European PV Installations To See Temporary Boost, But Distress Persists


A projected quarter-over-quarter (Q/Q) rise of 22% during the fourth quarter of 2011 (Q4'11) in the European photovoltaic market is providing a welcome temporary boost for downstream solar companies, according to a new report from Solarbuzz.

However, this growth rate still leaves significant corporate challenges in the management of the tumultuous slowdown this year in the world's largest regional photovoltaic market. The downstream challenge in 2012 will be effective management of a new pricing environment against a backdrop of declining incentives and still-to-be-realized grid parity economics, the company says.

Despite the Q/Q growth, year-over-year (Y/Y) growth is forecast to drop 25% this year for several reasons: major cuts in solar incentives, a weak project financing environment, and a module price path collapsing so fast that it has left downstream companies needing to offload inventories or face significant write-downs.

The trend of rapidly falling module prices, down 32% Y/Y at the distributor level at the end of Q3'11, has provided a compelling rationale for many downstream companies and end-customers alike to defer purchases in the expectation of further price cuts, according to the report.

In Germany, the prospect of a 15% tariff cut due at the start of 2012 has finally given the market a large enough boost to secure the largest share of the Q4'11 European market. However, Germany will be overtaken by Italy as the largest European (and global) market in 2011, despite tight bank lending constraints in Italy.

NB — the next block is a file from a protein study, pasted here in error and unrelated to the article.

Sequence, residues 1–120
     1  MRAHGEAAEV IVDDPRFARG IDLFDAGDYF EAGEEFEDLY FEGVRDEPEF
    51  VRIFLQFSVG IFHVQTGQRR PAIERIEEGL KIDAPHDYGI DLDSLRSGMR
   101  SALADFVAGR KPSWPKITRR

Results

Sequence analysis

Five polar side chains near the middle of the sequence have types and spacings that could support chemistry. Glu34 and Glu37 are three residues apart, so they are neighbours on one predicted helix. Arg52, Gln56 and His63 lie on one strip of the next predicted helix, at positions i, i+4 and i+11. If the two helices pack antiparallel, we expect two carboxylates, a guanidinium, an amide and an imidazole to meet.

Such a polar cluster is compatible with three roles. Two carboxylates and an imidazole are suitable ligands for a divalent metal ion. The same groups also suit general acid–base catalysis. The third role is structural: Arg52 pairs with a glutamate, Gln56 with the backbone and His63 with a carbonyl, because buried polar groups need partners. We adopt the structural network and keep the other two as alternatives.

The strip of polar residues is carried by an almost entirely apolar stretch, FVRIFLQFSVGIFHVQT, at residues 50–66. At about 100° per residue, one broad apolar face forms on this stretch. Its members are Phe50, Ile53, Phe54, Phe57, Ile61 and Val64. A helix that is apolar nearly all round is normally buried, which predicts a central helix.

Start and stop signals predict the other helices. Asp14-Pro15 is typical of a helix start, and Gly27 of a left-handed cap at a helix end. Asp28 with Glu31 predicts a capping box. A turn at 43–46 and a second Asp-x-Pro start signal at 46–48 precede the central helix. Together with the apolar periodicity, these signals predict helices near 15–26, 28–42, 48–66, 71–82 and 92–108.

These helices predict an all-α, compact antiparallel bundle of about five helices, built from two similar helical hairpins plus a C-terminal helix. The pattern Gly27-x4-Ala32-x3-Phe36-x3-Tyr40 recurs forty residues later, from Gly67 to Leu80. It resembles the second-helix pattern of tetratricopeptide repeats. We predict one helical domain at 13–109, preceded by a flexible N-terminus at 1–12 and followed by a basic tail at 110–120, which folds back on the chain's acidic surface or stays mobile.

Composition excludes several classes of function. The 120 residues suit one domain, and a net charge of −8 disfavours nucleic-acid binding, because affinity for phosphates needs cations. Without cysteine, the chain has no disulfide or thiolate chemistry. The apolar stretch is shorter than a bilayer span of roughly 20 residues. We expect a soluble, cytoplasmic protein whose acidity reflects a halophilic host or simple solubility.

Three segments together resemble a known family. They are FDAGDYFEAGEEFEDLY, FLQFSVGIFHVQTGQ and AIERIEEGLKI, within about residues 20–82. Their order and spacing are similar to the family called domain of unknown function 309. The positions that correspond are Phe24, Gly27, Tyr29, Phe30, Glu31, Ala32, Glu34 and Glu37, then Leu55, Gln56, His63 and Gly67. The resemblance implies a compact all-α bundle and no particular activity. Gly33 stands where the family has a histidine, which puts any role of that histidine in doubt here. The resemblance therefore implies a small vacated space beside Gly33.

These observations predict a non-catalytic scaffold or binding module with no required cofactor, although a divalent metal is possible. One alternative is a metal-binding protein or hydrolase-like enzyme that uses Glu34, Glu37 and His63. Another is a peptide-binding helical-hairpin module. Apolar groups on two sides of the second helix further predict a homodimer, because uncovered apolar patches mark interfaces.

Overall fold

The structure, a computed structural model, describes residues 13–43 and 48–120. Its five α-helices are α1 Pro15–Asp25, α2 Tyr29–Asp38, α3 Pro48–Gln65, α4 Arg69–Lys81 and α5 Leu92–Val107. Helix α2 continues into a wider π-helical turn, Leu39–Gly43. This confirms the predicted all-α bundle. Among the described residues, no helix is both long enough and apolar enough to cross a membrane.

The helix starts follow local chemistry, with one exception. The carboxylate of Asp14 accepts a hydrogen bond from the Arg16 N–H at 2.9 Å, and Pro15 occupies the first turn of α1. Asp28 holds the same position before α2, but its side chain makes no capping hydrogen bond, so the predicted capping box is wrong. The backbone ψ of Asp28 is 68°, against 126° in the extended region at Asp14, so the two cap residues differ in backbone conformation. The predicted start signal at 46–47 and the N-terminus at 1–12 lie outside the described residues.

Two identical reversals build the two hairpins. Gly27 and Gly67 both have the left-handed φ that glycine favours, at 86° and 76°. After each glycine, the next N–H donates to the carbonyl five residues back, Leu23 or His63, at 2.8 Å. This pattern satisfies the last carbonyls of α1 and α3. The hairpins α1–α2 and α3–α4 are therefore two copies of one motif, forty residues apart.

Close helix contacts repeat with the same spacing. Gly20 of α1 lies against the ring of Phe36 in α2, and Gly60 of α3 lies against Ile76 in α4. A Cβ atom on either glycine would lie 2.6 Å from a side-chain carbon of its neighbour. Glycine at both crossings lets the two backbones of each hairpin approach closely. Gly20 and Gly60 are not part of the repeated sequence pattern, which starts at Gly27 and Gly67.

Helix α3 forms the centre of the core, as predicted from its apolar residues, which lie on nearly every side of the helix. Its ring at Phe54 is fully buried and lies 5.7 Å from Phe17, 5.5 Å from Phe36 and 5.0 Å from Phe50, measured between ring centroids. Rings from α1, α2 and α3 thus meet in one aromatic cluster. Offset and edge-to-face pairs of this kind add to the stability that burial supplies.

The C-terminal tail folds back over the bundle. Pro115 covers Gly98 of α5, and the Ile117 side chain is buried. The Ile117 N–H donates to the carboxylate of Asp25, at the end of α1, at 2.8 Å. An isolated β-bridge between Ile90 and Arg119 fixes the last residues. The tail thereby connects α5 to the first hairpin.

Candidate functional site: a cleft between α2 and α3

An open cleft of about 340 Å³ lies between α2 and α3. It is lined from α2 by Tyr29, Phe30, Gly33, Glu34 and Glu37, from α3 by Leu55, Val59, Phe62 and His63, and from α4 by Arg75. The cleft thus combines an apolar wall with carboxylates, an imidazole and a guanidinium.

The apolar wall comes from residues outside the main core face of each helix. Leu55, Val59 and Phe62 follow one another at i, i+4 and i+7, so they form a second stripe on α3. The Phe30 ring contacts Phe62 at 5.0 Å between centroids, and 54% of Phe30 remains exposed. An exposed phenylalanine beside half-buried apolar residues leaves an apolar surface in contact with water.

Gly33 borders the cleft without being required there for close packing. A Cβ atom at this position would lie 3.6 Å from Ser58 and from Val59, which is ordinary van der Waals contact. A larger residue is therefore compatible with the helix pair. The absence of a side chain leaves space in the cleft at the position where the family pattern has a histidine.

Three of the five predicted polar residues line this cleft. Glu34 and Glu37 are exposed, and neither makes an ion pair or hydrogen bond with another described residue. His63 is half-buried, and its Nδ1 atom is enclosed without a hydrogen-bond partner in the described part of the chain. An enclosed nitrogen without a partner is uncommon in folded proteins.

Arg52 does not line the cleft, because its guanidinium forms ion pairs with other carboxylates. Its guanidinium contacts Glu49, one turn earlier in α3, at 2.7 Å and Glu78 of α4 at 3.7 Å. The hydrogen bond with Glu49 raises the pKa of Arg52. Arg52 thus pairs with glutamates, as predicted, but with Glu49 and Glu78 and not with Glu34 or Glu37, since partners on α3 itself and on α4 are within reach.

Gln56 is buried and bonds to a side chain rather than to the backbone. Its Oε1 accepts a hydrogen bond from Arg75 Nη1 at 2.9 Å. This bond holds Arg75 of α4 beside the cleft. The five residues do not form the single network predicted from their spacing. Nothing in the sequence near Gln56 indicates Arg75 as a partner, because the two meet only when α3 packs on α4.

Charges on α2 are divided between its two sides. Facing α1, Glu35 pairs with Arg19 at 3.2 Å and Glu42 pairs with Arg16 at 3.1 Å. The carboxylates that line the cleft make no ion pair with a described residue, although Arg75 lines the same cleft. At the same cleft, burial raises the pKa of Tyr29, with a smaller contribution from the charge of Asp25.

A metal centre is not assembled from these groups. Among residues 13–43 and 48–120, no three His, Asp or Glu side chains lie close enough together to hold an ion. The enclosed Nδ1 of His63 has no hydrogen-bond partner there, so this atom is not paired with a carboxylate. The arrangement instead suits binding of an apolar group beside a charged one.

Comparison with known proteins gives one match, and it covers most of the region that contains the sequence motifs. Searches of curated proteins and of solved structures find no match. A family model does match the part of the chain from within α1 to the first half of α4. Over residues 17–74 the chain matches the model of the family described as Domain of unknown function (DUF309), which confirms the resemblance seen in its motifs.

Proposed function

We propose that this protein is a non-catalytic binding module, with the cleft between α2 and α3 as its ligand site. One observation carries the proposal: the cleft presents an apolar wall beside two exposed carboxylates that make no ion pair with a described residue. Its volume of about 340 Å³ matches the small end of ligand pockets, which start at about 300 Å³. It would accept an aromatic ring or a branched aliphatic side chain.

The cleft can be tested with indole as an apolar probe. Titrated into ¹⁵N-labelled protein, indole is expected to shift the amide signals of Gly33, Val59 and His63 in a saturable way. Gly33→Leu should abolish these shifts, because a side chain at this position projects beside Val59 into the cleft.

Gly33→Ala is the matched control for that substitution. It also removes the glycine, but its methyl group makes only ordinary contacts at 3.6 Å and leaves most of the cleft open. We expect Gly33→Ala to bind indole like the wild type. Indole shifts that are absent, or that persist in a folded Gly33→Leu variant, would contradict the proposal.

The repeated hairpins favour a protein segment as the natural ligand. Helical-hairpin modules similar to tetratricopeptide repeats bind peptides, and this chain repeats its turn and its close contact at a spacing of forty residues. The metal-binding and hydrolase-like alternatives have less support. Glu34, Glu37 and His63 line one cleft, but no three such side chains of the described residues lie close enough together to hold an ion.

Ground-mounted installations, while down 27% in 2011, took over one-third of the European market in the second half of the year, following a largely seasonal pattern of a rising share toward the end of the year. Non-residential building-mounted systems will take a 55% share this year, Solarbuzz predicts.

The European markets are constrained, to varying extents, by tightening of PV incentive policies, bank lending restrictions, and utility concerns over electricity grid stability as PV deployment spreads. Additionally, policy changes made by various European governments, including the U.K. last week , have had some significant and largely unintended consequences.

‘Falling prices have compensated for major cuts in government solar incentives to leave PV investment returns still sufficiently attractive in almost all markets,’ says Alan Turner, vice president of Solarbuzz Europe. ‘However, the more important consequence of frequently changing incentive policies across Europe has been greater uncertainty and, therefore, higher risk for project financiers.

‘This has come at the worst time for banks also suffering under macroeconomic and currency crises,’ he continues.

The Q1'12 market in Europe is projected to be down 72% Q/Q, with the ground-mount segment the hardest hit (down 81%) and residential least affected (down 41%), according to Solarbuzz. At the country level, Greece, Spain and the U.K. provide the highest incremental market share growth opportunities.

The German market is forecast to fall 11% Y/Y in 2012, and installed system prices are forecast to decline by an average of 17% next year.

The successful realization of the benefits of grid parity will require grid management concerns to be overcome as developers, especially in southern Europe, start to plan projects financed on the basis of power purchase agreements, the report says. Meanwhile, downstream companies in France and Italy are receding from the high-risk project business to focus on the small roof sector or distribution.

Smaller markets offering the most stable volumes or growth potential over the next one to five years are Austria, Belgium, Bulgaria, Greece, Romania, Spain, Ukraine and the U.K. Although the latter is facing severe proposed tariff cuts, its residential segment will retain attractive returns, with prices continuing to fall. In the major markets, residential is the strongest segment in Belgium and the U.K., while ground-mount is strongest in Greece and Spain.

The other major markets have a more balanced segment mix, Solarbuzz predicts. France and Italy present the largest forecast quarterly variations in segment mix through 2012.

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